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Accused Counselor Suspended

A woman says the psychologist, under contract at L.A. Unified, wrote to apologize for molesting her son two decades ago.

September 23, 2006|Garrett Therolf | Times Staff Writer

A prominent educational psychologist who provided counseling to students in Los Angeles Unified schools was suspended by the district Friday after a woman alleged that he molested her son more than a hundred times two decades ago in Colorado.

An attorney for psychologist Peter J. Ruthenbeck said last month that his client was cooperating with an investigation by the California Board of Behavioral Sciences, which licenses educational psychologists, but declined to comment on the allegations. The board has a policy of not confirming that it is investigating a licensee.

Paula Morgan Johnson said that after her son broke his 20-year silence earlier this year about the alleged molestation, she confronted Ruthenbeck in a pained phone call. She said that he then mailed her a handwritten three-page apology. She provided copies of that letter to The Times and the Board of Behavioral Sciences.

Ruthenbeck's attorney, B. Robert Farzad, said his client would neither confirm nor deny that he molested the boy or wrote the letter.

Eileen Skone-Rees, administrative coordinator of the school district's Nonpublic Services Department, said she received a complaint Friday from Morgan Johnson and immediately suspended Ruthenbeck pending an investigation.

The district said Ruthenbeck worked an average of three days a week, providing counseling to deaf and hard-of-hearing children identified as needing psychological help. The sessions were conducted one-on-one or in small groups.

A bill for services Ruthenbeck submitted to the district in June showed that he worked at Gardena and Fairfax high schools, Carnegie Middle School in Carson, and El Sereno Middle School and Robert Hill Lane Elementary School in Monterey Park.

The unsigned letter, sent in an envelope bearing Ruthenbeck's name and return address in Huntington Beach, expresses great remorse, although the writer never explicitly admits molesting a child.

"I am so, so very sorry," it says. "Whenever I think about that period in my life, I wonder what was wrong with me.

"You asked me what I was feeling. Since your call I have felt overwhelming shame, guilt and sadness."

The writer says that after leaving Colorado, he changed.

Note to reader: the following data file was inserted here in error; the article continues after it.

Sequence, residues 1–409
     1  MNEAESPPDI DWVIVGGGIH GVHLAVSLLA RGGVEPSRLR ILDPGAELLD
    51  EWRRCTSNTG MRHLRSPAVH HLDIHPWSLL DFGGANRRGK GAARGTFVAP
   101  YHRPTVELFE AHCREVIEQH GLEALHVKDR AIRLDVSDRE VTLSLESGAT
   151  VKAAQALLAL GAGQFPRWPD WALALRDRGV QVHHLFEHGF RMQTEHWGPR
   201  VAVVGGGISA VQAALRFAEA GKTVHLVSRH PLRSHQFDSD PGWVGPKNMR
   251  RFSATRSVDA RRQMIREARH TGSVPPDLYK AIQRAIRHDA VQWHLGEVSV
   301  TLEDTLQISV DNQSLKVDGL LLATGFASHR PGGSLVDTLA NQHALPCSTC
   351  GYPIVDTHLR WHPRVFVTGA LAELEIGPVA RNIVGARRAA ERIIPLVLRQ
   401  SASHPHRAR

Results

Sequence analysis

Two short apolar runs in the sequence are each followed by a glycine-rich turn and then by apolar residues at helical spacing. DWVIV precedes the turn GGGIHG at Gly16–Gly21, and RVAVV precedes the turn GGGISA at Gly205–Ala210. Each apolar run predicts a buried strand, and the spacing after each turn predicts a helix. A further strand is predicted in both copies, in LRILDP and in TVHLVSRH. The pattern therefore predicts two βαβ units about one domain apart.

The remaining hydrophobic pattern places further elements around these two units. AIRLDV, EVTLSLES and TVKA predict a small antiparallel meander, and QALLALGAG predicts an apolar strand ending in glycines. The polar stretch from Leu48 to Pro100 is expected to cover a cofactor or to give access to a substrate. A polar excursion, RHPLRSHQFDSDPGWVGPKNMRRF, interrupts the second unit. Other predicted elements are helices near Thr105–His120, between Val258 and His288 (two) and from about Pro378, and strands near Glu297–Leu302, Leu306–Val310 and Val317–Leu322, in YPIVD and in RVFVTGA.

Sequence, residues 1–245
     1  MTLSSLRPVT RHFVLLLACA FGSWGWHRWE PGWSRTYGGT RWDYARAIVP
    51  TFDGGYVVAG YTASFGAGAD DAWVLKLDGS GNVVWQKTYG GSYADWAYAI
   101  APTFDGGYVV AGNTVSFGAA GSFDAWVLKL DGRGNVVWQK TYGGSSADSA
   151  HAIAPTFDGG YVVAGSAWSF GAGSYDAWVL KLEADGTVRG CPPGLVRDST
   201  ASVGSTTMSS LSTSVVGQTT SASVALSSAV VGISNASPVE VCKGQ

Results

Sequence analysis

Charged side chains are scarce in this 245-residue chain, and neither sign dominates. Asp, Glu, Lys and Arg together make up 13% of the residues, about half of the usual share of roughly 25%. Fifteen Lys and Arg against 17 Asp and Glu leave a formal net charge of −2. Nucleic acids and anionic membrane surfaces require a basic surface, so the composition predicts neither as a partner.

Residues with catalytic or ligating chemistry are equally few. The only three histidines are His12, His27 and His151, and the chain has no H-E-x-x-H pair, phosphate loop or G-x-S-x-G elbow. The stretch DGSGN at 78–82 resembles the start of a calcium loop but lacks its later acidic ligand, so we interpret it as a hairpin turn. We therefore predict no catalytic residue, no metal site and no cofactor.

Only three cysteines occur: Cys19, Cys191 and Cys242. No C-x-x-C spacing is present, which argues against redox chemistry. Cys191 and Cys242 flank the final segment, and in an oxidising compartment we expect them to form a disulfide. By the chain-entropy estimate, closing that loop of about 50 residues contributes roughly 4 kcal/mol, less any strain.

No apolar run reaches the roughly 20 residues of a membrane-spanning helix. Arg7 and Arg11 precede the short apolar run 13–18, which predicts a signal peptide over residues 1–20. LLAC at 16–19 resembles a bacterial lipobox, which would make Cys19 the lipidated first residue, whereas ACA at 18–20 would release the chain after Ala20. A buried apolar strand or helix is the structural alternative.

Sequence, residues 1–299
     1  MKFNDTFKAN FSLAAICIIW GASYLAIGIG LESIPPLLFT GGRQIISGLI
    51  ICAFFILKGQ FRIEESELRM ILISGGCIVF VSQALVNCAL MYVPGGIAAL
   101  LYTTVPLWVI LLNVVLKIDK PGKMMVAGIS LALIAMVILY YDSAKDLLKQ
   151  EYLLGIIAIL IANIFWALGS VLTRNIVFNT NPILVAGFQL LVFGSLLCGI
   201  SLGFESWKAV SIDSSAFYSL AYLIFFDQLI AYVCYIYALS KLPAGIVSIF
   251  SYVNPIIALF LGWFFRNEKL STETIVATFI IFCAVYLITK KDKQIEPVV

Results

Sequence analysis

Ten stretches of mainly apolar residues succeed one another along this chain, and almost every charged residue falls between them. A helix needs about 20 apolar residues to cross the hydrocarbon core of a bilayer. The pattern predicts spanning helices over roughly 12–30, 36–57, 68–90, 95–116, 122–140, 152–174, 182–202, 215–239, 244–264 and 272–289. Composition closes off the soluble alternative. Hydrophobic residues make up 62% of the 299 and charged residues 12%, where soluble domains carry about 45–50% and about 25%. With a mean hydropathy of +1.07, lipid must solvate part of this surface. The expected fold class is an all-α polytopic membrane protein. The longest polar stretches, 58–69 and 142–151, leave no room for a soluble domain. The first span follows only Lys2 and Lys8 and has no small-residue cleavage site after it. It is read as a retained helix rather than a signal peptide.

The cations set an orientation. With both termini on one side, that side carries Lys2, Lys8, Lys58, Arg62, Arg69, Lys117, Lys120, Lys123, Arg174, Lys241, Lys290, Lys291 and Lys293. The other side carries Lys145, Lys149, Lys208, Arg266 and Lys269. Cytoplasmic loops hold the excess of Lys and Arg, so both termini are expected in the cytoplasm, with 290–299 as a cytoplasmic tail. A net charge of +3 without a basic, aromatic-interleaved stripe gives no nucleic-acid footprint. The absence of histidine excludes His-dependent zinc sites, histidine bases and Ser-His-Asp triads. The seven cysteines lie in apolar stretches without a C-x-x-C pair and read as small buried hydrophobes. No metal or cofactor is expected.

"You asked if there had been others. Somehow after leaving Boulder, and then going away to school, I developed the strength and self-control necessary to make sure it never happened again.

"What was wrong with me back then is still a part of me today, but it is buried very deeply. I have learned to not allow myself to indulge in conscious fantasies, but I still sometimes have dreams that I remember when I wake up. I don't know that there is a way to control this. However, I assure you that I have not acted on these thoughts since I left Colorado."

Morgan Johnson, 56, said that she and her 35-year-old son first reported the alleged molestation to police in Boulder, Colo., but were told that the 10-year statute of limitations for prosecution had passed.

Ruthenbeck, who is married and has two children, left Colorado in 1985. Until recently, he served as president of the California Assn. of Licensed Educational Psychologists. He has worked for the Los Angeles Unified School District for at least 12 years. Ruthenbeck's 2005-06 contract allowed him to bill the district up to a maximum of $212,000 per year depending on his client load.

Ruthenbeck, 47, does not undergo performance evaluations. Skone-Rees said that her department, which oversees his contract, had never received a complaint about him until Morgan Johnson's phone call. His contract could be terminated depending on the results of school district and state investigations, Skone-Rees said.

Scott Johnson, now a carpenter in Boulder, said he met Ruthenbeck in 1978, when the older man was assigned to him in a Big Brother program. Johnson was 8; Ruthenbeck was 19. Johnson said Ruthenbeck began molesting him several months later and continued until he was 15.

Morgan Johnson, who raised her son alone, said she viewed Ruthenbeck as a surrogate father to her son.

Her son said in an interview that Ruthenbeck "was real outgoing. He's one of those guys where everybody says they just love Pete."

After becoming his Big Brother, Johnson said, Ruthenbeck became his Little League coach, then his soccer coach, then leader of his Boy Scout troop. Johnson said he saw Ruthenbeck one to three times a week over those seven years. The two took camping trips, went on skiing weekends and made visits to Ruthenbeck's family in Minnesota. Ruthenbeck also took him to church.

Morgan Johnson said her son's Big Brother once took her to dinner for Mother's Day.

"I'm very liberal and lived a more bohemian lifestyle," said Morgan Johnson, who was then a social worker and is now a psychologist. "I really sought out someone that would give a straighter, more conservative perspective, to introduce him to things that I wouldn't introduce him to. Pete was squeaky clean. I mean obnoxiously clean."

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